The first prospective home was one that I had my eye long before we listed our home. It was in a different town, but had a huge, two-bay shop on 1.26 acres. The house was very out of date and would require some money and work to fix up, but still had great potential if the owners were willing to negotiate on price. So we began shopping around for lenders and got preapproved for our new mortgage with a great rate and solid idea of our “magic number.”
By the time we listed our home, this particular property had been on the market for over three months with what seemed like very little interest, but they had yet to lower the price. We believed it was over-priced for the work it needed and way over our budget. As such, we hoped that by the time we had an offer on our home, we could convince them to accept our low bid.
The following week, however, I saw another home online that was more in our price range. I immediately sent the address to our realtor and got a showing for the next day. At the time, we didn’t think anything of it and took all three kids with us to see it. Bad idea. It was CRAZY trying to wrangle them to follow us and keep them from playing with (or breaking) the homeowners’ stuff and terrorizing their pets. All the while, my husband and I attempted to judge if it was the right place for our family and our new business.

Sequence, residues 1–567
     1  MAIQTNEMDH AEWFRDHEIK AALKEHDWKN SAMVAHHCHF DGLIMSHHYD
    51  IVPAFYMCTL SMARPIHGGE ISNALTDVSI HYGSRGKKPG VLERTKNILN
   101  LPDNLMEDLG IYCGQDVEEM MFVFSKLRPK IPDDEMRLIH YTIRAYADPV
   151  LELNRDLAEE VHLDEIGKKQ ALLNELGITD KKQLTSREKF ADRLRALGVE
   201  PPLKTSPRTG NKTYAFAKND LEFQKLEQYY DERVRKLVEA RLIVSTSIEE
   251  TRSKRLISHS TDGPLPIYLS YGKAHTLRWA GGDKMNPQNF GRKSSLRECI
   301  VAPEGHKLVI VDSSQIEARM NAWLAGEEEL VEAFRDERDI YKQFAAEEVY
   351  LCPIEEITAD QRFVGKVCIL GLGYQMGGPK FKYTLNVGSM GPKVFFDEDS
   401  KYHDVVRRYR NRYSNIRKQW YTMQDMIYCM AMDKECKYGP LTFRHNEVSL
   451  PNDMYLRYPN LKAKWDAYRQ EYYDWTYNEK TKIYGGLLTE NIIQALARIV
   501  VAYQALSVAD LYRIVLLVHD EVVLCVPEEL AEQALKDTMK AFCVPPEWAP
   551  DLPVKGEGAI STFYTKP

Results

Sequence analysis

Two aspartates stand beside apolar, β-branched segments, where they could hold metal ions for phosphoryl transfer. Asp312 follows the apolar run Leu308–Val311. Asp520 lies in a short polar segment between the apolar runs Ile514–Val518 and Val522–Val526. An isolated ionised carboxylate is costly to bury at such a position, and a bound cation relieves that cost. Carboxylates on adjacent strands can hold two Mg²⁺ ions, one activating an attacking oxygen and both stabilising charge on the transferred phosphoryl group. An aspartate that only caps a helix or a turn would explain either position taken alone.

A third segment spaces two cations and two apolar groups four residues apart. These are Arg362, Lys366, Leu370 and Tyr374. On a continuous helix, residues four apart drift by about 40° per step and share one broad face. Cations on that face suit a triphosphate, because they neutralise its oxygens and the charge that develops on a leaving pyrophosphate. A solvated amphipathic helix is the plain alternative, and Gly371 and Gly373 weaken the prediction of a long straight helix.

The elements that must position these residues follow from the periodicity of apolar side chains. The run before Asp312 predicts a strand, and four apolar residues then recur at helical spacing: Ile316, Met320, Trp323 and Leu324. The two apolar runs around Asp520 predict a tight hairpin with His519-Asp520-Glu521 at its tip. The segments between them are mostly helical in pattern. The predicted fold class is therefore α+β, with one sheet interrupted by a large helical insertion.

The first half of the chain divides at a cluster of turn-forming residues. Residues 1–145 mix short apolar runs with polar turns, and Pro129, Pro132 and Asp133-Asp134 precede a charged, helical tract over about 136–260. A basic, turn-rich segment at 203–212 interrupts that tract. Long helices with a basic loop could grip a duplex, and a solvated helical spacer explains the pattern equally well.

It occurred to me that house-hunting with kids is not awesome. Either we get a sitter while we look at prospective homes, and then spring on them that we are moving, thus incurring a roller coaster of emotions about leaving behind their pink walls or the precious backyard swing they never play with anymore. OR, we invite them along for the ride and in addition to chasing them around other people’s homes; for weeks we have to listen to “are we moving to our new house yet?” “Can we bring kitty?” and “I want the room with the green carpet!”